Notwithstanding that Martinez [at para 132] "...made unqualified allegations that Mr Griffiths was dishonest, disingenuous, evasive and lacked candour in most of these paragraphs or sub-paragraphs, sometimes multiple times", the Court at para 134 felt somewhat differently about the credibility of Griffiths...

"I make these observations because, having observed Mr Griffiths being meticulously cross-examined over about one and a half days, where close attention by the Court was required because of the constant appearance that Mr Griffiths may have been being asked questions that related more to a case being made as the matter proceeded, rather than one that had been pleaded, I formed the confident opinion that Mr Griffiths was a witness whose credibility was in the first rank of witnesses that I have observed giving evidence in my time as a litigation lawyer.

I found that, in giving his evidence, Mr Griffiths was attentive to the questions, responsive, immediate, careful, and appeared to me to be being entirely frank. That was equally true for subject matters that he would have expected and been prepared for, and subject matters that had not been raised by the pleadings. Mr Griffiths did not simply parrot his case, but gave carefully considered answers to each of the questions that were put to him. It appeared to me that, where circumstances required Mr Griffiths to adjust his evidence to concede that the manner in which he had expressed his recollection may have been flawed, he did so, even where against interest."

[and at para 174] "I find Mr Griffiths to be an honest and reliable witness whose evidence the Court can confidently rely upon, subject only to making due allowance for the inevitable imperfections of human memory."

This is somewhat contrasted with the Court's view on Martinez' credibility at para 175:

"I consider that Mr Martinez was generally a credible witness, who gave his evidence forthrightly and as accurately as his recollection permitted. In that respect, Mr Martinez was a satisfactory witness.

However, in relation to a number of important issues where the recollection of Mr Martinez was in conflict with the evidence given by Mr Griffiths, I have preferred the evidence of the latter. I will explain those findings below when I deal with the relevant issues"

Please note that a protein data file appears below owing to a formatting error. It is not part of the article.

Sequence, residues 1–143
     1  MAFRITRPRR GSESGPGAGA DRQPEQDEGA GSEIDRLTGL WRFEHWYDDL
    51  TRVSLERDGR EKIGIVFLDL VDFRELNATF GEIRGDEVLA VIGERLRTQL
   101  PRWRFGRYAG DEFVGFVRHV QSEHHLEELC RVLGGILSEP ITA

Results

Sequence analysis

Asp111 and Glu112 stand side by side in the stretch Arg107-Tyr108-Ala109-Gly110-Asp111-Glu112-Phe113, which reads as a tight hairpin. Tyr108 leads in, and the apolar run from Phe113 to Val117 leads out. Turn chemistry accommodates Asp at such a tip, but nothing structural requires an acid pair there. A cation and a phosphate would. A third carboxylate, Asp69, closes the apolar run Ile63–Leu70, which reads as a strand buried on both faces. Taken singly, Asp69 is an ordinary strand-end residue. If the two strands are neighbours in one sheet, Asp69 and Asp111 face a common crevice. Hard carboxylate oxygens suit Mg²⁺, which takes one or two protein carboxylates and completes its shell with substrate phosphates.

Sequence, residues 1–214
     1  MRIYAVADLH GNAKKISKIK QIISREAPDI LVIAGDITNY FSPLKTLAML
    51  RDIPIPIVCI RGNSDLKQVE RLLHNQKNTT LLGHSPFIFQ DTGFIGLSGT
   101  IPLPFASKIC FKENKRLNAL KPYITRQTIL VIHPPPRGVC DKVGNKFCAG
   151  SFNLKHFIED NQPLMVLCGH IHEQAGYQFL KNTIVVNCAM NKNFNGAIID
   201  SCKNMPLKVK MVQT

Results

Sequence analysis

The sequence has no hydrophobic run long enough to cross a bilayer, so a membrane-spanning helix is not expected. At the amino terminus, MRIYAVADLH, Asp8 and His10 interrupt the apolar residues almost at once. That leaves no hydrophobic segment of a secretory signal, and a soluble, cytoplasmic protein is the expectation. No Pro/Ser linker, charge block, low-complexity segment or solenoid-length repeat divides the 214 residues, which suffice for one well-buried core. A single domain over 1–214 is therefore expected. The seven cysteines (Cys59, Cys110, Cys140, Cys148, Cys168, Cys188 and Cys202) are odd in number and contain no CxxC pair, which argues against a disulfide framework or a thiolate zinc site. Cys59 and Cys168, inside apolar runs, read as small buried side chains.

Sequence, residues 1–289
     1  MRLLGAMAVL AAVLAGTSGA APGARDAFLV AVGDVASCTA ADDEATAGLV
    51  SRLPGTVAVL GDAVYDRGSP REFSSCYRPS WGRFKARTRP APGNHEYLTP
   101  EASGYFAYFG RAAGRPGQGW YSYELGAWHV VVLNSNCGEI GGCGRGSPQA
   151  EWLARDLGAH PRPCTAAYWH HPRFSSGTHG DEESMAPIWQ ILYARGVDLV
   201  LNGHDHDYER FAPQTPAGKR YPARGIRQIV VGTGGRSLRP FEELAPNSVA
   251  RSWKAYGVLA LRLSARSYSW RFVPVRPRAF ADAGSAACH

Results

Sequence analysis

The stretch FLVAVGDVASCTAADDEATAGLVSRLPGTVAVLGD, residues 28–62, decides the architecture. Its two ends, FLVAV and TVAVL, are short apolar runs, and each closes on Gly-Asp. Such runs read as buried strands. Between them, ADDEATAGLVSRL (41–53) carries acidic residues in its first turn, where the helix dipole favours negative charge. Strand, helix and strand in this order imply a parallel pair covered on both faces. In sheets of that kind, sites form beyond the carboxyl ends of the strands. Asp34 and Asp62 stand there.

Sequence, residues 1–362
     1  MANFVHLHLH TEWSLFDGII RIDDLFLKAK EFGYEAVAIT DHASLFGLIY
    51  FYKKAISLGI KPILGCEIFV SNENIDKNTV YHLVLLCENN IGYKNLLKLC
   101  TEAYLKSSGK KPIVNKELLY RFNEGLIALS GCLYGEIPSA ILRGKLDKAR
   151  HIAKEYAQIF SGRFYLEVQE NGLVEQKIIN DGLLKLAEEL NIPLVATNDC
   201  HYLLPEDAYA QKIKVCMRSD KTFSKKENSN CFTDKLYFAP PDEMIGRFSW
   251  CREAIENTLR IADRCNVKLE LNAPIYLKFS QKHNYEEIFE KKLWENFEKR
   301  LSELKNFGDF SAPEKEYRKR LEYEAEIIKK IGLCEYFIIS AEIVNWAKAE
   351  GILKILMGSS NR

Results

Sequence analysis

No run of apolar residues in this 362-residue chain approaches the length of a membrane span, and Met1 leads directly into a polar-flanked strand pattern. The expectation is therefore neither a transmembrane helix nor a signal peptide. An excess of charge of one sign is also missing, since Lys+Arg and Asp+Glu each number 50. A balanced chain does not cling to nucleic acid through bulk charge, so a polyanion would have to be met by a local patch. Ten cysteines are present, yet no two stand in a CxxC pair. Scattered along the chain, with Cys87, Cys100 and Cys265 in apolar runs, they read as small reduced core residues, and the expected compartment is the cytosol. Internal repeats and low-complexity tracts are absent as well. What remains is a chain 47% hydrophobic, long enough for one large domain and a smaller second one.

And the immortal response under cross-examination (regarding the alleged 90% of time spent on the book) when presented with data showing that it couldn't possibly be accurate:

"Q. It wasn't a genuine estimate either when you recorded it in your email or when you deposed to the truth of it in your affidavit, was it?

A. It was genuine for me."

Anonymous 28 June 19 15:01

Oh good grief - I just read that Lawyers Weekly article.  Mr Martinez comes across as nothing short of an absolutely charming fellow of the highest integrity.

Anonnnn 30 June 19 08:56

Hmmm there's a reason people refer to the firm as Hell With Lights. I went for a job interview there years ago - the hr person said 'now the partner you'd be working for can be confrontational' - I couldn't end the interview fast enough.

Hell with Lights 18 July 19 10:48

Sounds like a lovely place to work and that poor girl in the lawyers weekly article above must be so disappointed that she has missed out on such a welcoming workplace. Nah she has dodged a bullet and her premature celebrations can now be remembered, not for getting the job, but for NOT getting the job. Be very thankful, and whatever you do, do not write a book and be successful because it upsets the clever people above you.   

SecularJurist 18 July 19 17:00

Sounds like social inadequacy or intellectual inferiority. Sounds like a firm of nerds. Hope he writes another book, just to piss them off.

Related News